Thank you for the very interesting multi-user comparison with different tracks. It has been a very good read. But I have a small critic: the absence of a good recording symphonic orchestra track, maybe one of the few cases in which we can have an idea of a sort of a "root mean square" reality to compare the headphones to. This is an "issue" seen in many reviews. By the way, good work!

Bob Katz's picture

Agreed... It was my prejudice that picked each of the tracks that we used for each of their attributes and did not include a classical symphonic recording. But in the next episode you will see that the Vienna Philharmonic plays a pivotal role as tie breaker.

Keep in mind that the "You Lied" cut which is totally live and audiophile, is as natural a recording as can get and recorded in a similar fashion to how symphonic recordings are made. Coming from an audiophile background I tend to pick recordings, even pop recordings, which have a natural tonality. That's the only defense I can give for having missed using a symphonic recording in this group of samples.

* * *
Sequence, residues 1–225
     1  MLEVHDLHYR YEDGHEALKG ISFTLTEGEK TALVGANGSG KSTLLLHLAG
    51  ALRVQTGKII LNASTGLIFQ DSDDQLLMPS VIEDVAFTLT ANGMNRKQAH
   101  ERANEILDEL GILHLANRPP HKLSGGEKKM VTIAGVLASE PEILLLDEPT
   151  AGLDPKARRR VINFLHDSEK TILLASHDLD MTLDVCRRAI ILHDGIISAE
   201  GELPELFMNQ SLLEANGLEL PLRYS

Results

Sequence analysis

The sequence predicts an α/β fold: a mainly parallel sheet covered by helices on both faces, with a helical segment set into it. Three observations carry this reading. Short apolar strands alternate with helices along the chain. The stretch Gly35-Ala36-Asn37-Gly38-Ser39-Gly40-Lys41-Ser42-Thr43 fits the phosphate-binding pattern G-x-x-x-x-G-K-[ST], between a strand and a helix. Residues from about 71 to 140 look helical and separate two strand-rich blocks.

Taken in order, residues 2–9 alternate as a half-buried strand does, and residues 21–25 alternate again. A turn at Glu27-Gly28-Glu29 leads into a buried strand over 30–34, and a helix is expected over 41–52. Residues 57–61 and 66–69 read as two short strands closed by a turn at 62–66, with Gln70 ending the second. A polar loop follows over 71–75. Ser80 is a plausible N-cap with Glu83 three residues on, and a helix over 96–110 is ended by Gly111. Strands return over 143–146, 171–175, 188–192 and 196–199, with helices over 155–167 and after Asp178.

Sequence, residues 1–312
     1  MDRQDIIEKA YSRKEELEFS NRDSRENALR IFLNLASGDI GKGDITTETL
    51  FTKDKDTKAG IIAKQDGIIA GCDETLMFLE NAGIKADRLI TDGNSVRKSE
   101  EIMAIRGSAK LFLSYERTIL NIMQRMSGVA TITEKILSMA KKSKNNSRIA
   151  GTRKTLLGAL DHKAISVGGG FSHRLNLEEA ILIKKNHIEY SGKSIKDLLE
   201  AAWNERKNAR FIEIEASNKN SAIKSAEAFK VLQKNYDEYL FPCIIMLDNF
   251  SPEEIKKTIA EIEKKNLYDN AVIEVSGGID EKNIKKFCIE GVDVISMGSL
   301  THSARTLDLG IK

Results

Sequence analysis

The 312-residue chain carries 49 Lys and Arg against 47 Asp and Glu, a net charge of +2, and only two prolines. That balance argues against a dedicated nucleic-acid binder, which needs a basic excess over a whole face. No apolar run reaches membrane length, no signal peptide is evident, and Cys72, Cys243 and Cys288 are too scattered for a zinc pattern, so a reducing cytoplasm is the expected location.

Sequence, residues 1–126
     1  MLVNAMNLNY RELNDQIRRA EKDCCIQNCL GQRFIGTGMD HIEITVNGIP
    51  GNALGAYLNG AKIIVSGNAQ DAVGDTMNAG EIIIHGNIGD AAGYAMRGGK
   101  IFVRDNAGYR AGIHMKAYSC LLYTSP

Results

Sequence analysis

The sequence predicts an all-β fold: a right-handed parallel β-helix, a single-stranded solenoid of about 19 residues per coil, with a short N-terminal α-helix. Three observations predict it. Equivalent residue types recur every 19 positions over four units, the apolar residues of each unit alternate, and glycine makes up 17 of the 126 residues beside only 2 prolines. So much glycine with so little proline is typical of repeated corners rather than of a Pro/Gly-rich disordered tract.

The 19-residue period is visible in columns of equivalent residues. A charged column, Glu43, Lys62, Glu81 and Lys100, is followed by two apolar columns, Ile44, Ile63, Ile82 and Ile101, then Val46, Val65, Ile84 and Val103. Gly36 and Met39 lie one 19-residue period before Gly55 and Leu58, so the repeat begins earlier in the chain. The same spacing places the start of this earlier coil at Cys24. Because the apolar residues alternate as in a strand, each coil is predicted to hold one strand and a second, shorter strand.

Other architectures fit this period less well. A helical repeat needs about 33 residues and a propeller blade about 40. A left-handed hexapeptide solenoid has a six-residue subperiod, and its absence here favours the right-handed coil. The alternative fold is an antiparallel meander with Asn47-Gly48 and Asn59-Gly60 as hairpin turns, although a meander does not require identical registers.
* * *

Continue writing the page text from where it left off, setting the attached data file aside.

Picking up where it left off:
amartignano's picture

Ooohh the gorgeous sound of the Wieners... :) Thank you for the reply Mr. Katz.

MRC01's picture

I also noted the lack of a music source consisting of pure acoustic sounds. If reality - the sound of acoustic music in natural spaces - is the absolute reference, it's hard to compare sonics against the absolute reference if you don't have the absolute reference. I'm glad you're including this in the next round. It would be great to hear both small (soloist, chamber music) and large ensemble (symphony, choir).

tony's picture

Beats latest headphones do better than 5, I'm told.

Of course you folks are Audio Professionals, who work with performing Artists, whom you record First Generation and are quite adjusted to near perfection, as technology permits.